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TODAY SPECIAL
 
Europe attacked for 'flawed' ash response
Airlines toted up losses topping $2 billion and struggled to get hundreds of thousands of travelers back home Wednesday after a week of crippled air travel.

Meanwhile, questions and recriminations erupted over Europe's chaotic response to the volcanic ash cloud.Civil aviation authorities defended their decisions to ground fleets and close the skies against heated charges by airline chiefs that the decisions were based on flawed data or unsubstantiated fears.

The aviation crisis sparked by a volcanic eruption in Iceland left millions in flightless limbo, created losses for airlines and other industries and even threatened Europe's economic recovery.

An aviation group called the financial fallout worse than the three-day worldwide shutdown after the 2001 terrorist attacks in the United States.

It was a lesson in mankind's dependency on air travel, the vulnerability of a vital industry, analysts say.

The air space over most of Europe opened Wednesday after the vast, invisible ash-laden cloud dispersed to levels deemed safe. Restrictions remained over parts of Britain, Ireland, France and the Scandinavian countries.

Electronic boards in Europe's biggest hubs — London's Heathrow, Paris' Charles de Gaulle and Germany's Frankfurt airport— showed about 80 percent of flights on schedule as airlines began filling vacant seats with those stranded for days. But with 102,000 flights scrapped worldwide over the last week, it could take over a week to get everyone home.

Civil aviation officials said their decision to reopen terminals where thousands of weary travelers had camped out was based on science, not on the undeniable pressure put on them by the airlines, and the increasingly restless passengers.

"The only priority that we consider is safety. We were trying to assess the safe operating levels for aircraft engines with ash," said Eamonn Brennan, chief executive of Irish Aviation Authority.

"It's important to realize that we've never experienced in Europe something like this before," he told the AP. "We needed the four days of test flights, the empirical data, to put this together and to understand the levels of ash that engines can absorb."
Despite their protests, the timing of some re-openings seemed dictated by airlines' commercial pressures.
British Airways raised the stakes in its showdown with aviation authorities by announcing it had more than 20 long-haul planes in the air and wanted to land them in London.

Despite being told the air space was firmly shut, radar tracking sites showed several BA planes circling in holding patterns over England late Tuesday before the somewhat surprising announcement that air space was to be reopened.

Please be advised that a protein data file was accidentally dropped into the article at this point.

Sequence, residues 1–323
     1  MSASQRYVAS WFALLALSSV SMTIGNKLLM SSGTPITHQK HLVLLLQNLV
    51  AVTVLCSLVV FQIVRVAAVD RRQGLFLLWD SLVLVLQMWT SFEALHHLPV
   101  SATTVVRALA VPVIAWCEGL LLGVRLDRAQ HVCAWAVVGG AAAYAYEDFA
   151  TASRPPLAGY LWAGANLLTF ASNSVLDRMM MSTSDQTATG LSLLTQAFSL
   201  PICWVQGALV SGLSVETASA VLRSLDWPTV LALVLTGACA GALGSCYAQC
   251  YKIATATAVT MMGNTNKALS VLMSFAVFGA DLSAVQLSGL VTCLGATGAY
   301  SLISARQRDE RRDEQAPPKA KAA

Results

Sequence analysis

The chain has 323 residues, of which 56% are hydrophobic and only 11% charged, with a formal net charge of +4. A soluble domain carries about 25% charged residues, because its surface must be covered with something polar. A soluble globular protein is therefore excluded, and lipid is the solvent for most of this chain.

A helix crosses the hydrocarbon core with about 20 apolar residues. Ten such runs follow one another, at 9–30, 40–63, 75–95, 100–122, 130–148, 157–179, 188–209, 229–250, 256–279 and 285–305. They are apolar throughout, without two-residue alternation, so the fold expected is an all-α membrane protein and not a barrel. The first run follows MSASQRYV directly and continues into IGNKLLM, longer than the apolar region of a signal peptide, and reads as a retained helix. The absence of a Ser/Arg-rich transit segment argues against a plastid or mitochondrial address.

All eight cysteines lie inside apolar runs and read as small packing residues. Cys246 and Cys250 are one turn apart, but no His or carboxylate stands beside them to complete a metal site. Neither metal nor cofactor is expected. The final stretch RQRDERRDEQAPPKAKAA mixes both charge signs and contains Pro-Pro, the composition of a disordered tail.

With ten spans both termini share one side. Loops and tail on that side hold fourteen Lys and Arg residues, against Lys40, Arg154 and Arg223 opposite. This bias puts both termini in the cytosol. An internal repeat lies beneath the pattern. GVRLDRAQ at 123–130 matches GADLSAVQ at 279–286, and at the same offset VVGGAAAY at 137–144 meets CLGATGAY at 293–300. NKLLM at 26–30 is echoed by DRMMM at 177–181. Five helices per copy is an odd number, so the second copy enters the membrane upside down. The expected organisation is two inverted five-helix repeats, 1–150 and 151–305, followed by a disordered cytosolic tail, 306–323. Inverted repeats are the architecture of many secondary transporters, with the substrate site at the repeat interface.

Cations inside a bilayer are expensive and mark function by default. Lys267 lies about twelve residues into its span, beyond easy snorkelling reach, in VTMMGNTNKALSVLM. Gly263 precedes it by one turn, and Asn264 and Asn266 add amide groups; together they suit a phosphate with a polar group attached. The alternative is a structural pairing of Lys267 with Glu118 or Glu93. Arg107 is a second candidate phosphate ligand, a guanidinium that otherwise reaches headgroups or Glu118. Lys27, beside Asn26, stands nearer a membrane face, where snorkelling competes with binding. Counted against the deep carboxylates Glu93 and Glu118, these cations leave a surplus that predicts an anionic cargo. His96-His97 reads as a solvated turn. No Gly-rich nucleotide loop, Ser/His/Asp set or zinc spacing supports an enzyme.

"We were circling for about two hours," said Carol Betton-Dunn, 37, a civil servant who was on the first flight to land at Heathrow, from Vancouver.

She said passengers were initially told the flight would be going to London, then that it was heading for an unspecified European airport, then that Shannon airport in western Ireland would be their destination.

"It's been exhausting," Betton-Dunn said.

BA chief executive Willie Walsh said by Tuesday it had become clear the lockdown was excessive.

"I don't believe it was necessary to impose a blanket ban on all U.K. airspace last Thursday," he said. "My personal belief is that we could have safely continued operating for a period of time."

KLM Royal Dutch Airlines also sent aircraft toward Amsterdam before Dutch air space officially reopened, said Edwin van Zwol, president of the Dutch Pilots Association.
Lufthansa demanded and received a waiver from German authorities that allowed them to bring 15,000 passengers back to Germany on Tuesday, flying at low altitude. Other Germany-based airlines also received waivers, for a total of 800 flights, even though German airspace was not officially opened until Wednesday.

Van Zwol, a veteran Boeing 777 captain, was critical of European authorities for failing to consult with the airlines or pilots.

"They put all the experts on the sidelines," he said. "Airlines are used to this. They deal with volcanic situations all over the world on a daily basis, so they are quite capable of making decisions."

The European decision to partially reopen airspace did not come until the fifth day of the crisis, when transport ministers of the affected states met by teleconference. The plan carved up the sky into relative zones of safety where the flight ban remained in place or was lifted according to the concentration of ash.

Ryanair chief executive Michael O'Leary slammed that slow response.

"It might have made sense to ground flights for a day or two. That's understandable. But there should have been a much faster response by the governments, the transport ministers and the regulators," he told The Associated Press on Wednesday.

But Tomio Okamura of the Association of Czech Travel Agents said despite huge losses his industry was happier being safe than sorry.

"It would be much bigger a catastrophe for us in case of any passenger plane crash. That would have a fatal, long-term consequences for the industry," Okamura said in Prague.

In Berlin, Giovanni Bisignani, the head of the International Air Transport Association, called the economic fallout "devastating" and urged European governments to compensate airlines for lost revenues like the U.S. government did following the 9/11 terror attacks.
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